Diatribes of a Knucklehead 151219

My Book “They Were Heroes” has plenty heroes, but today I would like to inform others of another hero, one of my former Animal Company Marines. This is totally unedited:

Summary of Action

Sgt Rollins is enthusiastically recommended for the Silver Star Medal while serving as 1st Squad Leader, 2d Platoon, Company G, 2d Battalion, 7th Marines, Marine Corps Forces, Central Command in support of Operation ENDURING FREEDOM.

On 19 June, Sergeant Rollins’ squad was conducting a reconnaissance patrol to the village of Dowlatabad when a white sedan sped out of the village and its occupants engaged the patrol with a burst of small arms fire and a rocket propelled grenades (RPG’s).  Sergeant Rollins immediately directed the fires of his Turret Gunner, then dismounted and engaged the rear of the fleeing vehicle.

After the insurgent forces had entered the village Sergeant Rollins quickly organized his vehicles into a blocking position and cordoned off the village.  He then devised a plan for pursuit that required two squads, so he called for another squad to reinforce his position.

When 2d Squad, 2d Platoon, Golf Company (G2B) arrived to provide support to both squads dismounted and began a methodical search of the village.  They soon discovered the vehicle they had engaged: a sedan with multiple broken windows, fresh blood stains, and two RPG rounds still inside.  Sergeant Rollins’s squad also discovered two enemy fighters hiding in the bushes with a rocket-propelled grenade (RPG) launcher and two rockets in the river close to their position, who were subsequently detained.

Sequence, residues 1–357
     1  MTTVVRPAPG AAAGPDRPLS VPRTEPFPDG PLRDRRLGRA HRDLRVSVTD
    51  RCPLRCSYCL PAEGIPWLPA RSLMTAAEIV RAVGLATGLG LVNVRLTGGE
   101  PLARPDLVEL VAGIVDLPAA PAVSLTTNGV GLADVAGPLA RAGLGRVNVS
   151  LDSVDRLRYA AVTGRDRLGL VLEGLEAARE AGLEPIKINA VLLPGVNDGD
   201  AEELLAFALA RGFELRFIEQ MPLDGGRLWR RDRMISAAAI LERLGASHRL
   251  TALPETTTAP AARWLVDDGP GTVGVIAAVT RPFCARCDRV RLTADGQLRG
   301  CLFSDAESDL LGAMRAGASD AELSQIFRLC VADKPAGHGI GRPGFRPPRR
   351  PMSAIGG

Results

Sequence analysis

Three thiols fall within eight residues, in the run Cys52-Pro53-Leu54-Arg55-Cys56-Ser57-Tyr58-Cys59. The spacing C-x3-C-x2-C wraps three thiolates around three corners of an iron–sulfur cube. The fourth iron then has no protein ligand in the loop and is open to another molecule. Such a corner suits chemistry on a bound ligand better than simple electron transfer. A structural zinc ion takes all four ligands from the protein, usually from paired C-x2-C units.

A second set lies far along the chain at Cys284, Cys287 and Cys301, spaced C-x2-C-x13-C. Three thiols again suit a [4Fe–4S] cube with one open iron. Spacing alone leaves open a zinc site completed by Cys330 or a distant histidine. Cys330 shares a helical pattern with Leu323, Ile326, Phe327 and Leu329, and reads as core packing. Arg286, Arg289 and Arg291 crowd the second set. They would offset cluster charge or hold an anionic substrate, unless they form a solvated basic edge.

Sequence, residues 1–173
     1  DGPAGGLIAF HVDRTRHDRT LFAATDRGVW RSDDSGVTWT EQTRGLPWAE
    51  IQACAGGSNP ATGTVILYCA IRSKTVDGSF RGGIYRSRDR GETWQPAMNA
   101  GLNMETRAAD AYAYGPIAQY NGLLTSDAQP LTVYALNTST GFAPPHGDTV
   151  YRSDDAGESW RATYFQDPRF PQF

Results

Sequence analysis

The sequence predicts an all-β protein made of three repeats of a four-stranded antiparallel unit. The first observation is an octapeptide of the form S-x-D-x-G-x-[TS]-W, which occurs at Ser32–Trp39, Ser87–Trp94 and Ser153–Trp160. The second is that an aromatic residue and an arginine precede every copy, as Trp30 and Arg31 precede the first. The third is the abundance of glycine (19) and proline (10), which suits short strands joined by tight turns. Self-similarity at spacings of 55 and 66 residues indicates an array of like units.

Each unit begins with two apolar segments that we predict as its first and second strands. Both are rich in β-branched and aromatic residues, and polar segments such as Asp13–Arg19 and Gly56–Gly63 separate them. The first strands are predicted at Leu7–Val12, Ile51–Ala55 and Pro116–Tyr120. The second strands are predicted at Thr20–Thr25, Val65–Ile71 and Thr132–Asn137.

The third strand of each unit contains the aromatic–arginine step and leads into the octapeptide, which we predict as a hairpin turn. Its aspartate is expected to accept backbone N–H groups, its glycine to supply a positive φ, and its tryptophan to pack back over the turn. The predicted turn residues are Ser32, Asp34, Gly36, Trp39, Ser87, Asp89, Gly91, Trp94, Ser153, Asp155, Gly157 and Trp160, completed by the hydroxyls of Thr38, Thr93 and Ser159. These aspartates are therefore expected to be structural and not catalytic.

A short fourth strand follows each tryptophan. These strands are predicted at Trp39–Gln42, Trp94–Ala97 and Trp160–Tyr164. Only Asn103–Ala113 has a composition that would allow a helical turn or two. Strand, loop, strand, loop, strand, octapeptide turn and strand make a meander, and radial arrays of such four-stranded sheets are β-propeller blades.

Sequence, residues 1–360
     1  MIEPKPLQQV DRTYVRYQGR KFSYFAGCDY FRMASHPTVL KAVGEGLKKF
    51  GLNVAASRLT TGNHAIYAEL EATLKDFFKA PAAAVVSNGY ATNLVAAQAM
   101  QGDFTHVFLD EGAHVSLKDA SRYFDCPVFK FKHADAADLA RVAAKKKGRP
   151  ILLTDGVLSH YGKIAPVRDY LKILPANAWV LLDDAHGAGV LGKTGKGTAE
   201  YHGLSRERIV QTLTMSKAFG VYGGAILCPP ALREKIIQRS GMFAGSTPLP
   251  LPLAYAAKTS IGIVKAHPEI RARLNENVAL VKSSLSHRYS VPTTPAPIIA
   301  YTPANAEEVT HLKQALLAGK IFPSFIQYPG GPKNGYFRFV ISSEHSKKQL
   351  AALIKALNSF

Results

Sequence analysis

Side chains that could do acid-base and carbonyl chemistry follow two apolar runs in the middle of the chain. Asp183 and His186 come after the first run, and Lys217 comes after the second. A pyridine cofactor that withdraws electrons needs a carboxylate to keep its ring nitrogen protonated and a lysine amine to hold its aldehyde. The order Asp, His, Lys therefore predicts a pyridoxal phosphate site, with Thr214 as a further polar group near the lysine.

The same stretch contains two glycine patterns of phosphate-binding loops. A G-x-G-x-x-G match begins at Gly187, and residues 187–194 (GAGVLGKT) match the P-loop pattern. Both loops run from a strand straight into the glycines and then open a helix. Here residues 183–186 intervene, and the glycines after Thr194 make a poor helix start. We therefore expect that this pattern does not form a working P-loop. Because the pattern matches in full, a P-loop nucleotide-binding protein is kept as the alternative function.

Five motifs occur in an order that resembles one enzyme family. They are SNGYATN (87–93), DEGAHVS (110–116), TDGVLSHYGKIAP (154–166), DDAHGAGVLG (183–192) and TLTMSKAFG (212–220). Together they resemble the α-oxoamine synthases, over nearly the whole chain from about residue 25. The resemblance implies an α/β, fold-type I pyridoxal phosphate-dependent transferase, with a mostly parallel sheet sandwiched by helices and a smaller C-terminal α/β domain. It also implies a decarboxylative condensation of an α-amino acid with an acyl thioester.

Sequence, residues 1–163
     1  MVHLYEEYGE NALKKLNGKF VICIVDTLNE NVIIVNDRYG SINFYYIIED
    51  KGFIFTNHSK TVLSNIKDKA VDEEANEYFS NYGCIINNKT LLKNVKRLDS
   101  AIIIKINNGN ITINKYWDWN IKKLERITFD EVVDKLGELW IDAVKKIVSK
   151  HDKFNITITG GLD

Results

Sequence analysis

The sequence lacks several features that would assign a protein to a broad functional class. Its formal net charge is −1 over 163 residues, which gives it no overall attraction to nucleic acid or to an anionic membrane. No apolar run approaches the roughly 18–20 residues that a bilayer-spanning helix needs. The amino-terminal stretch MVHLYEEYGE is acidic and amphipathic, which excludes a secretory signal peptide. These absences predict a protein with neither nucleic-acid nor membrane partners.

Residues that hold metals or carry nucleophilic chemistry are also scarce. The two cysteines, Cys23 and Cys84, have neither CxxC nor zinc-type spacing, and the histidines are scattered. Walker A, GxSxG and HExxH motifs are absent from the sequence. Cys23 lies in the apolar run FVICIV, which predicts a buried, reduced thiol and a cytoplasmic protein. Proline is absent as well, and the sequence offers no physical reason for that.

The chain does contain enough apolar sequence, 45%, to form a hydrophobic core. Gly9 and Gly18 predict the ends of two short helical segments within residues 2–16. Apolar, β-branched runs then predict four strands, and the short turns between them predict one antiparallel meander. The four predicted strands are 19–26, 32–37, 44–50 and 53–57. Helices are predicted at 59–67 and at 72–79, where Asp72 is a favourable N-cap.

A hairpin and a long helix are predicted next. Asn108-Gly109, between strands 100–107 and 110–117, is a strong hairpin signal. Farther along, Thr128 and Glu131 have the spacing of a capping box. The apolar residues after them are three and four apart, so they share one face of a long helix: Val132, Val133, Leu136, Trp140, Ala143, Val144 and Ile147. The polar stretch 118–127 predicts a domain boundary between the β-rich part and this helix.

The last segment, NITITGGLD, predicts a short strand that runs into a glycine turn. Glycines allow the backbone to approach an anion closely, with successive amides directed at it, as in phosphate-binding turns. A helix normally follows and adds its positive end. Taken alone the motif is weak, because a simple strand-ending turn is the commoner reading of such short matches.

As the dismounts from the two squads moved into the riverbed in pursuit of the fleeing enemy fighters, a squad-sized element of enemy fighters engaged their position with a high volume of machine gun fire, RPG’s, and small arms fire from numerous prepared positions.

Sergeant Rollins began directing the movement of his men and controlling their fires.  He called out the location of the enemy fighters and exposed himself to enemy fire to mark their positions with tracer rounds.  The high volume of fire made voice communication impossible, so Sergeant Rollins moved to his Marines, while under fire, to direct their fire onto enemy fighters.

When Sergeant Rollins identified that the majority of the squad was pinned down and unable to move, he called one of the team leaders to his position to begin maneuvering on the entrenched enemy positions. As the two began maneuvering, enemy machine gun positions engaged the rest of the squad with accurate fire.

With no additional fire support, Sergeant Rollins and his team leader began maneuvering against the machine gun and small arms fire positions in an effort to draw fire and enable the other Marines to maneuver.  As they maneuvered forward, Sergeant Rollins suppressed the enemy with accurate fire, coming to within 30 meters of two machine gun positions.  Sergeant Rollins’s accurate fires resulted in the enemy orienting the majority of their firepower on his two-man position.

As Sergeant Rollins took cover and prepared to deploy a hand grenade, the enemy engaged his position with an RPG, destroying part of the berm he was using for cover.  Once he was out in the open, the enemy concentrated machine gun fire on Sergeant Rollins.  He quickly moved back to a covered position, but was unable to continue suppressing the enemy position due to the concentrated fire on his position.  Having effectively drawn the enemy’s fire and enabled the rest of the squad to move to cover, Sergeant Rollins focused on directing the fire of two vehicle mounted crew served weapons.